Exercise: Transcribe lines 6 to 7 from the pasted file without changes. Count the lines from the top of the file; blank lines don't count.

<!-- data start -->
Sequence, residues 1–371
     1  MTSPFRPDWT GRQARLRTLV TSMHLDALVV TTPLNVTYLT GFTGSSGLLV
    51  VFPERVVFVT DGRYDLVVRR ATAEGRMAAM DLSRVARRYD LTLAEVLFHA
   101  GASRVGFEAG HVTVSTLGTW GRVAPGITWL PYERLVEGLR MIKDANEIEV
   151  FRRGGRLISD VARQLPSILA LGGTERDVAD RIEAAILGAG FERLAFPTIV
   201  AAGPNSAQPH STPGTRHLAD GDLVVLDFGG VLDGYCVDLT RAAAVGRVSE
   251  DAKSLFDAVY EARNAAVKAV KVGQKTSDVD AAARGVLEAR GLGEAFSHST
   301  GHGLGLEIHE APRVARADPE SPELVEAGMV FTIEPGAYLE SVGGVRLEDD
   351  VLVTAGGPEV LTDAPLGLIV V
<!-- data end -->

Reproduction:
   201  AAGPNSAQPH STPGTRHLAD GDLVVLDFGG VLDGYCVDLT RAAAVGRVSE
   251  DAKSLFDAVY EARNAAVKAV KVGQKTSDVD AAARGVLEAR GLGEAFSHST